DRIVEN TO IMPROVE PATIENT OUTCOMES.

 

Grandfather and grandson in IMRIS Surgical Theatre

 

Intraoperative imaging is producing better outcomes around the world – allowing clinicians to perform new, minimally invasive procedures and reducing the likelihood of follow-up surgeries.

Our architects and planners can help push this innovation further. Using our unique, ceiling-mounted rail system we’ve designed an intraoperative MRI scanner that moves to the patient, rather than the other way around. Scans can be taken without moving the patient from the surgical position, significantly reducing the risk of potential trauma and infection.


IMRIS and Hill-Rom Announce FDA Clearance of New MRI-Conditional Surgical Table For Hybrid OR


The multi-functional, MRI-conditional table is designed for complex neurosurgery and enhanced intraoperative scanning workflow; accommodates multiple specialties with a range of tabletops

CHICAGO – RSNA 2017 (November 27, 2017) – IMRIS and Hill-Rom (NYSE: HRC) announced that Hill-Rom’s Trumpf Medical has completed device listing and registration with the U.S. Food and Drug Administration (FDA) for a new multi-functional operating room table specifically designed for the IMRIS Surgical Theatre. This innovative joint development integrates a new IMRIS MR Neuro tabletop and Hill-Rom’s TruSystem® 7500 Surgical Table platform with the IMRIS Surgical Theatre to support better patient treatment.

The new surgical table system will be an essential component of the IMRIS Surgical Theatre – a suite of intraoperative imaging technologies that allow neurosurgeons to see critical anatomical detail during surgery, without moving the patient from the operating table.

The new TruSystem™ 7500 MR Neuro Surgical Table is specifically engineered for the MRI environment, integrates with the IMRIS Head Fixation portfolio, and is segmented for optimal patient positioning. Furthermore, the multi-functional design offers the flexibility of interchangeable tops and therefore multi-disciplinary use.

“Our customers challenged us to develop a premium surgical table to be a key component of the IMRIS Surgical Theatre with the reliability and flexibility to meet the needs of current and future surgical applications,” said IMRIS President and CEO Andrew Flanagan. “Our partnership with Hill-Rom Surgical Solutions leverages the reliability and advanced features of the TruSystem® Surgical Table platform together with the MR Neuro tabletop and head fixation system. This new offering will become a key part of our mission to optimize the surgical workflow.”

The IMRIS Surgical Theatre features the world’s only moving ceiling-mounted iMRI and iCT solution that delivers advanced imaging in the surgical environment. The images give neurosurgeons greater precision, improve patient outcomes and eliminate the risks inherent in moving a patient during a procedure.

Hill-Rom is a global leader in developing innovative technology for operating rooms and intensive care units. Rapid, smooth workflows are of life-saving importance, and its digital systems and automated intelligence solutions are becoming a standard of care in hospitals worldwide.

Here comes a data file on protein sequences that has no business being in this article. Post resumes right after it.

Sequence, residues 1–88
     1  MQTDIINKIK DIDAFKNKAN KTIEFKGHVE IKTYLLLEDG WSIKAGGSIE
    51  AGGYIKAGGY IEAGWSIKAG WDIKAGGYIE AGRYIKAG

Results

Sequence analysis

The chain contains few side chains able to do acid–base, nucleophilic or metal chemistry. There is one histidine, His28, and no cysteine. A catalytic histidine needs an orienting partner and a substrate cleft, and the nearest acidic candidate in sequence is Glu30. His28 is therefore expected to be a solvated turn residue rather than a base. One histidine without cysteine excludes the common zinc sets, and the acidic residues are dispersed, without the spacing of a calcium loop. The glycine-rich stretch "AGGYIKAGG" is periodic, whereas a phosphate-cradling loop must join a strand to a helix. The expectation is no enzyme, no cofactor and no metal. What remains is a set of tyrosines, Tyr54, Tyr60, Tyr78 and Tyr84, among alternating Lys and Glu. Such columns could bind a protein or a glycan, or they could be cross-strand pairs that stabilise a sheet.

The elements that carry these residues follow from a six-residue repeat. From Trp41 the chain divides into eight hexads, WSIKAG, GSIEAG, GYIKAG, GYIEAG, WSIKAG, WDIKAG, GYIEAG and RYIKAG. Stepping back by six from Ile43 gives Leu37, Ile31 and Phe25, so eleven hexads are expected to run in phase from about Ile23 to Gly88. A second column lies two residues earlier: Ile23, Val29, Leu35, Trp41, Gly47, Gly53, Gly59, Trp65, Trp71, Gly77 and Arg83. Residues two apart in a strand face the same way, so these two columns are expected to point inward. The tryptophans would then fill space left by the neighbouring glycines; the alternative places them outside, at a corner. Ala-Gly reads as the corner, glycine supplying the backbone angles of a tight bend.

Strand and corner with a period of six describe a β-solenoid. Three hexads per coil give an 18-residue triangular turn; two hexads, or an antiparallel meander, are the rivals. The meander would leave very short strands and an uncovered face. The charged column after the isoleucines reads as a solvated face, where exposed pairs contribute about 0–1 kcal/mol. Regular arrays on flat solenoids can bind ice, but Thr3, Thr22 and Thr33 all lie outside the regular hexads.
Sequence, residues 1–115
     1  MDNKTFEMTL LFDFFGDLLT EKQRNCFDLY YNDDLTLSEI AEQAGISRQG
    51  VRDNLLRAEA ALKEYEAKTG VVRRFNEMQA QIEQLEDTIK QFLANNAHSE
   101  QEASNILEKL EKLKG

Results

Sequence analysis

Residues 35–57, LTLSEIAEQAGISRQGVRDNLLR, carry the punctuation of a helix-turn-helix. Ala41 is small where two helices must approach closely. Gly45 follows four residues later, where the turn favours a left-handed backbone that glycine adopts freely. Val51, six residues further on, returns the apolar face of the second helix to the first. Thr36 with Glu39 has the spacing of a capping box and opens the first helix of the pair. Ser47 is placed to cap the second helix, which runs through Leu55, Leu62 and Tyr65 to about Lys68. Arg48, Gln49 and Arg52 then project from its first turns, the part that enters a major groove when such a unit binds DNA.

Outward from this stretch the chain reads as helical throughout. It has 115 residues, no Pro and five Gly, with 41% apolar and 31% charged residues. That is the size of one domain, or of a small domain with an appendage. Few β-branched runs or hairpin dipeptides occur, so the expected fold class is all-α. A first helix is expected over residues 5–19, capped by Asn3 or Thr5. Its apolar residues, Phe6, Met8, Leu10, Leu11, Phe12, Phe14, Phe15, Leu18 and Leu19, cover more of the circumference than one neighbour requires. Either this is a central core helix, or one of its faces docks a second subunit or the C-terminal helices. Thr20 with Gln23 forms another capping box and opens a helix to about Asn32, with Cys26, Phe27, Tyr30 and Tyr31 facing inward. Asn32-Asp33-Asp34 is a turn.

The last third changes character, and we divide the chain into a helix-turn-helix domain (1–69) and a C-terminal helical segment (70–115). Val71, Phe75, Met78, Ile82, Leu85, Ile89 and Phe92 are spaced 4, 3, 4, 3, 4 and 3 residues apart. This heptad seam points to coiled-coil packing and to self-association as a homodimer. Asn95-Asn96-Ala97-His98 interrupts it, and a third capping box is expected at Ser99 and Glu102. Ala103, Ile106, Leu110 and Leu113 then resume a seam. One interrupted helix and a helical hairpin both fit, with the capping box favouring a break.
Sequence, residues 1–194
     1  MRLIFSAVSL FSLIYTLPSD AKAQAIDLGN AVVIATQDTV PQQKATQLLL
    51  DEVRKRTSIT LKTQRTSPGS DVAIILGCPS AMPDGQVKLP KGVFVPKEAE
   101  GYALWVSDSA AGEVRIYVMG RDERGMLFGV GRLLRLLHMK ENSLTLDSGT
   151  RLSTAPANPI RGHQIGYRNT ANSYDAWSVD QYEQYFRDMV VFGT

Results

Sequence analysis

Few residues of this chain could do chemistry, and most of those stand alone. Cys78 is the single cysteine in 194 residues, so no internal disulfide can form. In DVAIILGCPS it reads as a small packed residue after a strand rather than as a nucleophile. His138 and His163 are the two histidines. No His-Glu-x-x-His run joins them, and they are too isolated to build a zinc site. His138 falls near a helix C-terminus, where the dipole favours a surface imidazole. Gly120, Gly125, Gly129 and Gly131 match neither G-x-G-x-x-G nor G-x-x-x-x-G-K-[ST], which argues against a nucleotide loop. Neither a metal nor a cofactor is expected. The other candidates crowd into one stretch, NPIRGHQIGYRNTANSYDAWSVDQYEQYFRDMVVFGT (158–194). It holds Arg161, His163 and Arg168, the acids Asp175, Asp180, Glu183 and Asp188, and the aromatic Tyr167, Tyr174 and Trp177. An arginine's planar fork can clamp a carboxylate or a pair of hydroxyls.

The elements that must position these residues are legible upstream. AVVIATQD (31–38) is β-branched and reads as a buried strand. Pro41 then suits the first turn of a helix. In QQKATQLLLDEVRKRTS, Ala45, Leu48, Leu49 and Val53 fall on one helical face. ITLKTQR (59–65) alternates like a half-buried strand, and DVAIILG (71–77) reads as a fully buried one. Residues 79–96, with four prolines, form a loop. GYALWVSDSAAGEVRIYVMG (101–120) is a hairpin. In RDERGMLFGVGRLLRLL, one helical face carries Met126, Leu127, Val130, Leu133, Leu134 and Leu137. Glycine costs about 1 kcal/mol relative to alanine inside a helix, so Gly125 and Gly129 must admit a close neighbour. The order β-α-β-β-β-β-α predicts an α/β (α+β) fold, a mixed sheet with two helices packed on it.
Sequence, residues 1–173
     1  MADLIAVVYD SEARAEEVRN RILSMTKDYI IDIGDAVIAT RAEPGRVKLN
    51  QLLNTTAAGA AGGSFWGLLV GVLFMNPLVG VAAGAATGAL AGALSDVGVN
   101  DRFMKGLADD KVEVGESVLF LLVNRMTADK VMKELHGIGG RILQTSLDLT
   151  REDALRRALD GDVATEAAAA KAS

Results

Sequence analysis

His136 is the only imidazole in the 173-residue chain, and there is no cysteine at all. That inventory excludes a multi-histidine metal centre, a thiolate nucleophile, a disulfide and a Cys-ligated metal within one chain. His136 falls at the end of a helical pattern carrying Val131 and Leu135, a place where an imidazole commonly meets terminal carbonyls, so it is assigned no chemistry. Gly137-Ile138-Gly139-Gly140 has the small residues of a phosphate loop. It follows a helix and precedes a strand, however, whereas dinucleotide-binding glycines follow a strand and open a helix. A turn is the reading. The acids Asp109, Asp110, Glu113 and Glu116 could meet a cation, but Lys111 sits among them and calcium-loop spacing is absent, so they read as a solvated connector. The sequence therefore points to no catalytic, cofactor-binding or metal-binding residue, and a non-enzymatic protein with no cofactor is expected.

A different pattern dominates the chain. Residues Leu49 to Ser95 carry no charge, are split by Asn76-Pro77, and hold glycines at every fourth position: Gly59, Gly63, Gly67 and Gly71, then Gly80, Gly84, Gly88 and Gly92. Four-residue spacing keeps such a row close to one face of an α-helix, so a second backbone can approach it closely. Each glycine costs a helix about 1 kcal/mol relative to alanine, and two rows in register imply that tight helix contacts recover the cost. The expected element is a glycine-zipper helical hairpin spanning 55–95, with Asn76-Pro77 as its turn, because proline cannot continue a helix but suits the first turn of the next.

“We’re thrilled to partner with IMRIS, to offer enhanced flexibility and efficiency for surgeons with the integration of the IMRIS Surgical Theatre and the TruSystem® 7500 MR Neuro Surgical Table,” said Francisco Canal Vega, president of Hill-Rom Surgical Solutions. “Our proven reliability, ergonomic design and range of options will prove to be a valuable addition to the IMRIS portfolio, meeting the demands of the neurosurgeon and the expectations of hospital administration.”

The new surgical table will be part of a limited market evaluation to understand how this new system can be best utilized to elevate the intraoperative experience. Full market launch is expected in early 2018.

About IMRIS

As a leader in image guided therapy solutions, IMRIS offers the most advanced hybrid surgical theatres with the world’s first and only moving ceiling-mounted iMRI and iCT technology that gives neurosurgeons access to high-quality image detail pre-, mid- and post-operation. With a unique symphony of engineering and advanced imaging technology, the IMRIS Surgical Theatre is built for the human experience and inspired by the human mind. IMRIS serves leading hospitals worldwide, offering optimized workflow for surgeons, maximum value for hospitals and better outcomes for patients. As part of its four-pronged business model – Consult, Design, Create and Support – each IMRIS Surgical Theatre is custom-developed for the hospital and surgeons to uniquely compliment their workflow and intended use. For more information, call 763.203.6300, email info@imris.com or visit www.imris.com.

About Hill-Rom Holdings, Inc.

Hill-Rom is a leading global medical technology company with more than 10,000 employees worldwide. We partner with health care providers in more than 100 countries, across all care settings, by focusing on patient care solutions that improve clinical and economic outcomes in five core areas: Advancing Mobility, Wound Care and Prevention, Patient Monitoring and Diagnostics, Surgical Safety and Efficiency and Respiratory Health. Hill-Rom’s people, products and programs work towards one mission: Every day, around the world, we enhance outcomes for patients and their caregivers. Visit www.hill-rom.com for more information.

TruSystem is a registered trademark of Trumpf GmbH + Co. KG.

©2017 Hill-Rom Services, Inc. ALL RIGHTS RESERVED.